Prologue Magazine

Mutual Admiration and a Few Jokes

The Correspondence of Harry Truman with Groucho and Harpo Marx

Spring 2001, Vol. 33, No. 1

By Raymond H. Geselbracht


refer to caption

Harpo Marx and President Truman chat at Fairfield-Suisun Air Force Base in California, late in the night of October 12, 1950. (NARA, Harry S. Truman Library)

President Harry S. Truman's improbable relationship with the zany Marx Brothers of vaudeville and movie fame began as a young man in Kansas City and extended into Truman's tenure in the White House and afterward. But it was not all jokes and laughs—by either the brothers or the thirty-third President—as correspondence in the files of the Harry S. Truman Presidential Library in Independence, Missouri, reveal.

Harry Truman's association with the Marx Brothers began at some unrecorded time fairly early in Truman's life. From the time he was a young man in his teens, Truman loved vaudeville. He loved almost every kind of live theater, but his favorite was vaudeville. That meant that he went often to the Orpheum Theatre and the Grand Opera House in Kansas City. "Between the time I was about 16 to 20," Truman said when he was President, "I used to go to every vaudeville show that came to Kansas City at the old Orpheum, and at the Grand."1 He even ushered for a time at the Orpheum so he could get into the show for free. After he started courting Bess Wallace in 1910, he took her to the vaudeville shows.

The Marx Brothers started coming to Kansas City shortly after they moved to Chicago from New York in about 1910. Truman probably came in from the Grandview farm as often as he could to see them. He remembered many years later, when vaudeville was long gone and he was an old man, that he almost never missed a chance to see the Marx Brothers when they were in town.2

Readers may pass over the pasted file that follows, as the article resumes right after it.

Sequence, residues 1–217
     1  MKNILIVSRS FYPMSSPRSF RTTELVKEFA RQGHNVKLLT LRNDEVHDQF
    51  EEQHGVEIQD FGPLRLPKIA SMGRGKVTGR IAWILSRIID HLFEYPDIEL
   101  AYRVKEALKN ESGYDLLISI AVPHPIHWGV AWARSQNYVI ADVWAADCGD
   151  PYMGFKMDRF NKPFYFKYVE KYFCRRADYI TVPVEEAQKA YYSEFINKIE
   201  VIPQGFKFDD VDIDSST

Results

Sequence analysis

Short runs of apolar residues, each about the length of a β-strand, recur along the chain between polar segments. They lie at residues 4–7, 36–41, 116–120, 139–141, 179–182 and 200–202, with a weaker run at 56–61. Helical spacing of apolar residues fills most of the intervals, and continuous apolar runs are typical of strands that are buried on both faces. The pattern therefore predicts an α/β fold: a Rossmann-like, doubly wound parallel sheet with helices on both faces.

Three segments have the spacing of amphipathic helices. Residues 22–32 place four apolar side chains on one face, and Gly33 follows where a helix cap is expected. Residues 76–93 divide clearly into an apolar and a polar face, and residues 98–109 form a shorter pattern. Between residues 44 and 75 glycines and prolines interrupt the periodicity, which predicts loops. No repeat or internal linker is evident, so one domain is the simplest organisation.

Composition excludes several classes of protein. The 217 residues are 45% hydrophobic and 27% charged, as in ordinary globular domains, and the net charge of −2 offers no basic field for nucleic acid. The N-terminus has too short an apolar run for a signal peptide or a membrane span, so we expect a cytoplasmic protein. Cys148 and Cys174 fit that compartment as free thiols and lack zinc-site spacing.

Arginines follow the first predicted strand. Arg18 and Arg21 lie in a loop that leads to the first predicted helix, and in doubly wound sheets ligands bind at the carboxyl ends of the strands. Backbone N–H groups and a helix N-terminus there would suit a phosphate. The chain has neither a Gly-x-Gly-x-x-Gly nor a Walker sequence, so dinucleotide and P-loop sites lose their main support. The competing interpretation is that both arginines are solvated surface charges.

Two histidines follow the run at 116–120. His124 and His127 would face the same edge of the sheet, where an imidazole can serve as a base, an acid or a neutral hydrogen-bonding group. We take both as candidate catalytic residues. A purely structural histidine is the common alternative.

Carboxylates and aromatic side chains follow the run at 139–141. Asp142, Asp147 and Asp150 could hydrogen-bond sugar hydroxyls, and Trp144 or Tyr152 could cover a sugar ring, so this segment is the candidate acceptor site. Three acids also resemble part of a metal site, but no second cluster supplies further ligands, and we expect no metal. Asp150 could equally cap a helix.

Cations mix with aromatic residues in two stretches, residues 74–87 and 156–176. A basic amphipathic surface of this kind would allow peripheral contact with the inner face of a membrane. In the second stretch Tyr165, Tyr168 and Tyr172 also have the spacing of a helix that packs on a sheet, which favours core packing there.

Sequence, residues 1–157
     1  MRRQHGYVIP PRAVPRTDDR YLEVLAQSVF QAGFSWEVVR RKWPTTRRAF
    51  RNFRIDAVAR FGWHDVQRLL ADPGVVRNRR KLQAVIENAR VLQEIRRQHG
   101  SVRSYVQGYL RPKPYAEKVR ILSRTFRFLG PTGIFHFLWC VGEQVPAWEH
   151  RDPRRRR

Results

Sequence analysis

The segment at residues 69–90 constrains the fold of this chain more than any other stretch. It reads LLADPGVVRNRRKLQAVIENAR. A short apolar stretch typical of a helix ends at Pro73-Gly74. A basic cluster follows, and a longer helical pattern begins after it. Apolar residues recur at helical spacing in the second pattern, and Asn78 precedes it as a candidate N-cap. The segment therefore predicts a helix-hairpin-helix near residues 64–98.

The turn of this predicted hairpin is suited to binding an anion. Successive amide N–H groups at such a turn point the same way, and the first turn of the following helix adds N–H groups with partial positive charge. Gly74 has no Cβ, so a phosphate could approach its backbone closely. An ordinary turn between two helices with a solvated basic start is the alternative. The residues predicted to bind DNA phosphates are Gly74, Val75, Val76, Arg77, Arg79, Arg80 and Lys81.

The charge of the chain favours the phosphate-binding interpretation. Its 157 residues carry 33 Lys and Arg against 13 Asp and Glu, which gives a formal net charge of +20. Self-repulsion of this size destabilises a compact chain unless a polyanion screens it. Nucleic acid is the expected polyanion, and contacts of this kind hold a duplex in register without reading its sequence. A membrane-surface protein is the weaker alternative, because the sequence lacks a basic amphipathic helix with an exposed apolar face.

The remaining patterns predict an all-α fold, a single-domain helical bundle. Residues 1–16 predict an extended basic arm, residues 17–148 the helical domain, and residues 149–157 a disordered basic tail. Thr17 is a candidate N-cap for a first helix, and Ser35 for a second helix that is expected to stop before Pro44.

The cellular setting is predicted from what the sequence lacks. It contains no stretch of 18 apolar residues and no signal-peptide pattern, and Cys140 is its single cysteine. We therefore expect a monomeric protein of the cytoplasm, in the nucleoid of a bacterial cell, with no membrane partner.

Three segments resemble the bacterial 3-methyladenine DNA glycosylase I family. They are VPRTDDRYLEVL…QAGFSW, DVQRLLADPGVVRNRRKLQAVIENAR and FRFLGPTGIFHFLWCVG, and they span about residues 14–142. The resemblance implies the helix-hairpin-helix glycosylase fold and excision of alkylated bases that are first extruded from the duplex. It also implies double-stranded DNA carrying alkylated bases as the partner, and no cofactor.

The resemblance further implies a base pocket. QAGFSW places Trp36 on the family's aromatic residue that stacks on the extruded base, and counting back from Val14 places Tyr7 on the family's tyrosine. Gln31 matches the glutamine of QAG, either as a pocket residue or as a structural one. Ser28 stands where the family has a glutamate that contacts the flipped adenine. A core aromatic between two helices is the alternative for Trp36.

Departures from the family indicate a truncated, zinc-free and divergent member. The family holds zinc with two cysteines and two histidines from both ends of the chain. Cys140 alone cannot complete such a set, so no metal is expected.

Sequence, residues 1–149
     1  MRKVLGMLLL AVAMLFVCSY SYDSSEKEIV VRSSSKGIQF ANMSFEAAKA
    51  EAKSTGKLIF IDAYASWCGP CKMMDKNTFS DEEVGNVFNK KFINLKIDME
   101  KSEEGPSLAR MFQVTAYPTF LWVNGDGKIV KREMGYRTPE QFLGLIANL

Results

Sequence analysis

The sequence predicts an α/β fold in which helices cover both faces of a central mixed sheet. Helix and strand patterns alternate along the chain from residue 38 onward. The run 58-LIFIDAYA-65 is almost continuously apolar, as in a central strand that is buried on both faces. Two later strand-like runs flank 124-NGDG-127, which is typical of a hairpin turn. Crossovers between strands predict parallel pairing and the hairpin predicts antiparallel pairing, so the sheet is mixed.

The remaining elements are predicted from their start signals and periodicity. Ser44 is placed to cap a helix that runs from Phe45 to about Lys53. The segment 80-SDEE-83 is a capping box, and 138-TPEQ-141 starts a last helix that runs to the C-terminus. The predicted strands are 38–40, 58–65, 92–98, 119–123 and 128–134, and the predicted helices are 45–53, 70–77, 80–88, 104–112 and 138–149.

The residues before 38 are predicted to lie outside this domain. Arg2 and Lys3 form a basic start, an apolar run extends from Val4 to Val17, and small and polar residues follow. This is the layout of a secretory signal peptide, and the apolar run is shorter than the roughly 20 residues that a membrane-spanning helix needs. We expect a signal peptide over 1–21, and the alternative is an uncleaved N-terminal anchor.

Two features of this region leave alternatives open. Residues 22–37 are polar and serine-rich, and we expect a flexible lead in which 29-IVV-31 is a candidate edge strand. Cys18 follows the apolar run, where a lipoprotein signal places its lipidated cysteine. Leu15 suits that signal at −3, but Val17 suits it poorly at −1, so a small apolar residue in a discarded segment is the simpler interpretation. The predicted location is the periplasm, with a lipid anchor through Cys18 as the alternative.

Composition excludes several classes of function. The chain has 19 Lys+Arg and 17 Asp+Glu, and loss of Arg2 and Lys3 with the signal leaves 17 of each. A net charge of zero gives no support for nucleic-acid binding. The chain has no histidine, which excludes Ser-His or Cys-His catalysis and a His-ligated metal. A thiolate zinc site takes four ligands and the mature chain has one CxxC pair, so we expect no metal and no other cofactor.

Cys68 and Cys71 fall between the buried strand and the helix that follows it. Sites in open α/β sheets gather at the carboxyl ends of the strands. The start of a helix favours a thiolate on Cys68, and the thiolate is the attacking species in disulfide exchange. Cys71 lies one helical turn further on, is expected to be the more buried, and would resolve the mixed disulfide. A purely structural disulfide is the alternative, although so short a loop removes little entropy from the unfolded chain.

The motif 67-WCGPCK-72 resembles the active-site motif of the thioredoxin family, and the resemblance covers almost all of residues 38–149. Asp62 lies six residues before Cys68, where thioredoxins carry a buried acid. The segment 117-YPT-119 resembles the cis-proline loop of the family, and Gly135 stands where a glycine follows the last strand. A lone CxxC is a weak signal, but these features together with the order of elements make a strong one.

When Truman became President in the spring of 1945, one of the first problems that came to him was what to do about the survivors of the Holocaust who were living in displaced persons camps in Europe. He had great sympathy with the displaced persons, and he issued a directive in late 1945 intended to allow some of them to immigrate to the United States. Among the many Americans who were concerned about the displaced persons and were following Truman's actions with regard to them was a former vaudevillian whom Truman certainly remembered. On October 8, 1946, Groucho Marx sent Truman a clipping of a Life magazine editorial, "Send Them Here! Europe's Refugees Need a Place to Go and America Needs to Set a World Example." The article claimed that Truman's attempt to help displaced persons to immigrate to the United States had failed. "In God's name[,]" the editorial concluded, "can we go on doing nothing about these DPs?" Groucho asked Truman to consider the article. "I am sure that you are deluged with mail of this sort," he wrote, "but even a president at times can be confused." He added a PS: "Despite all this I propose voting for you in 1948."

Truman responded by sending Groucho a copy of a letter he had recently sent to Senator Walter George of Georgia. "I sincerely wish that every member of the Congress could visit the displaced persons camps in Germany and Austria," Truman wrote, "and see just what is happening to Five Hundred Thousand human beings through no fault of their own." Truman thought if the members of Congress did witness the misery of the displaced persons, they might help him bring some of these people to the United States and find other homes for them. "Your ancestors and mine," Truman concluded, "came to this country to escape just such conditions. There is no place for people to go now unless we can arrange it."

Groucho must have been at least partly satisfied with Truman's response; as he told Truman later, he voted for him in 1948. He must have been pleased to see that the President had apparently taken a personal interest in his letter and had added a postscript in his own hand: "Please regard Sen. George's letter as confidential."3